# Why is this a prime ideal?

I am reading the proof in Marcus' number fields of the following fact:

Let $p$ be a prime in $\Bbb{Z}$ and suppose $p$ is ramified in a number ring $R$ (of some number field $K$). Then $p | \textrm{disc} (R)$.

The proof goes as follows. Suppose $\sigma_1,\ldots,\sigma_n$ are the number of embeddings of $K$ into $\Bbb{C}$ and extend all $\sigma_i's$ to the Galois closure $L$ of $K$. Now if $p$ is ramified in $R$ then we can write $pR = IP$ where $I$ is divisible by all primes lying over $p$ and $P$ some prime of $R$ lying over $p$. Choose some $\alpha \in I - pR$ (we can do this since $I$ properly contains $pR$). We see that $\alpha$ is in every prime lying over $p$ in $R$. Now let $S = \mathcal{O}_L$ and $Q$ a prime of $S$ that lies over $p \in \Bbb{Z}$.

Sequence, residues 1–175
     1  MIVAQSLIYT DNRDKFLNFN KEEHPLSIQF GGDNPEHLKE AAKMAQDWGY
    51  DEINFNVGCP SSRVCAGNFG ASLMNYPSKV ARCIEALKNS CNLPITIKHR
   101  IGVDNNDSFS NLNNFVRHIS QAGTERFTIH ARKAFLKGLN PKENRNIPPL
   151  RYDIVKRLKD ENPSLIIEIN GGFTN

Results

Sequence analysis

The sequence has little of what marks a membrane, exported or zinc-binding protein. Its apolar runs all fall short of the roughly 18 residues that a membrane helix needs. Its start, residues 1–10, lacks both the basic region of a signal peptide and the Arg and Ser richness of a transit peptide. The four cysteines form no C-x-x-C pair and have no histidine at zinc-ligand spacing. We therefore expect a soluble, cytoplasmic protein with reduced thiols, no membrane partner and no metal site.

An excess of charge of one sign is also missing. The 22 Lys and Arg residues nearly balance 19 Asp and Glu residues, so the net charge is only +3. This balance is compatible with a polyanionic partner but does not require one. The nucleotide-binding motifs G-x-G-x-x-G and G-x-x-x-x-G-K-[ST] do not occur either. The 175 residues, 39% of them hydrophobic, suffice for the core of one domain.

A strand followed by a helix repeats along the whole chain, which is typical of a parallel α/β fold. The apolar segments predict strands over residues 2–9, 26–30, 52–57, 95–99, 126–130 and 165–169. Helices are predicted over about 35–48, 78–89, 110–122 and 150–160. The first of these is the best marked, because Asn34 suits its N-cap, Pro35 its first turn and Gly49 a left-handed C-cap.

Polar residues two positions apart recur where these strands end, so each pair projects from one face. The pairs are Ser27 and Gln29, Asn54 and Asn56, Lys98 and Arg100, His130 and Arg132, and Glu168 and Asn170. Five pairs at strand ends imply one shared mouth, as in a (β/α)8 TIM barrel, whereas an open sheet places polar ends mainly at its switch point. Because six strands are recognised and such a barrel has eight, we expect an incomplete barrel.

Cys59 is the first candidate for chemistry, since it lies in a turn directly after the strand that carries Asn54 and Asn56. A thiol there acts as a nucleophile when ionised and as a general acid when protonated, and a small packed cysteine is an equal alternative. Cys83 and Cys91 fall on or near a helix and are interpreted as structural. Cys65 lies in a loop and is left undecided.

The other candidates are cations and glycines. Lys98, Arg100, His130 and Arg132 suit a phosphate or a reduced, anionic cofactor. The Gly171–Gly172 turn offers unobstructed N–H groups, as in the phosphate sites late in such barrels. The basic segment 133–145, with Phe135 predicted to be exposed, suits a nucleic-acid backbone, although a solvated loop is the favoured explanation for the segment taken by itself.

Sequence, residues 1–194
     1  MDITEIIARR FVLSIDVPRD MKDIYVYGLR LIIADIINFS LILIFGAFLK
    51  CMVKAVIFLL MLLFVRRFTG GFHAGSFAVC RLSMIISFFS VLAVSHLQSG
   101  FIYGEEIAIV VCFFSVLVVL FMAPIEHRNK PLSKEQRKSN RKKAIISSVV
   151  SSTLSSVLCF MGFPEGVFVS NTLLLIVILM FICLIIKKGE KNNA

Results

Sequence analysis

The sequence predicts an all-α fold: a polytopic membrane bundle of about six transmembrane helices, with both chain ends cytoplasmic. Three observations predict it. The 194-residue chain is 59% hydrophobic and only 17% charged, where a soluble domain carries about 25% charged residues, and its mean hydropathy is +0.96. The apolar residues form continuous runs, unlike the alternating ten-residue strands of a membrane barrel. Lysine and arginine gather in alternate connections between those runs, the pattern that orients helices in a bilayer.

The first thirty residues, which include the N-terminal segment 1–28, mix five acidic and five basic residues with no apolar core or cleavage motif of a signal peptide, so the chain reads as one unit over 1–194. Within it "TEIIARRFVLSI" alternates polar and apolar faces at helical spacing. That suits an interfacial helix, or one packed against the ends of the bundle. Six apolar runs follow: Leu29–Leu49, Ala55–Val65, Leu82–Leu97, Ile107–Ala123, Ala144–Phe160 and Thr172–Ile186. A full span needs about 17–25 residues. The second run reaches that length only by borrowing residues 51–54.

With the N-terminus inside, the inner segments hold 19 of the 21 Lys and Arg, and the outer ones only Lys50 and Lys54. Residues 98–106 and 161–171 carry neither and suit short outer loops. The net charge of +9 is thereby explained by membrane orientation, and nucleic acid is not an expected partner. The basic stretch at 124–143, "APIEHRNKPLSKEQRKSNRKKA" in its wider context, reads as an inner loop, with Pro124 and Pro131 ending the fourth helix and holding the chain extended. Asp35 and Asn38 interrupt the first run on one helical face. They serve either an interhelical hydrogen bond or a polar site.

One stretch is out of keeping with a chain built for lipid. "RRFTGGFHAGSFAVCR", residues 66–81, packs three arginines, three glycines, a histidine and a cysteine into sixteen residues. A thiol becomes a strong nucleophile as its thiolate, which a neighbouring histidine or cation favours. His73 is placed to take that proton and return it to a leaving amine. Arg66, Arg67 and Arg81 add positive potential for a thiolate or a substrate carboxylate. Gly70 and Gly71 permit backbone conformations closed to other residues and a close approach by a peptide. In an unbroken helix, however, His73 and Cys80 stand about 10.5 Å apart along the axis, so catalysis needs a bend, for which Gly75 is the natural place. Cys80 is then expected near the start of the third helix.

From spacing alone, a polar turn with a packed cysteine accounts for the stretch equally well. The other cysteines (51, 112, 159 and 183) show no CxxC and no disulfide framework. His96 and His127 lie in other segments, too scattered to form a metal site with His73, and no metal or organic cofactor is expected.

My question is: Why should $\sigma(\alpha) \in Q$ for every $\sigma \in \textrm{Gal}(L/K)?$

In Marcus he claims to show this as follows: "To see this, notice that $\sigma^{-1}(\alpha)$ is a prime of $\sigma^{-1}(S) = S$ lying over $p$, and hence contains $\alpha$. In particular we have $\sigma_i(\alpha) \in Q$ for all $i$."

I am confused because what does he mean by "$\sigma^{-1}(\alpha)$ being a prime lying over $p$"? $\sigma^{-1}(\alpha)$ is just an element of $L$ no?

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... $\sigma^{-1}(Q)$ is a prime of $\sigma^{-1}(S)=S$ lying over $p$ ...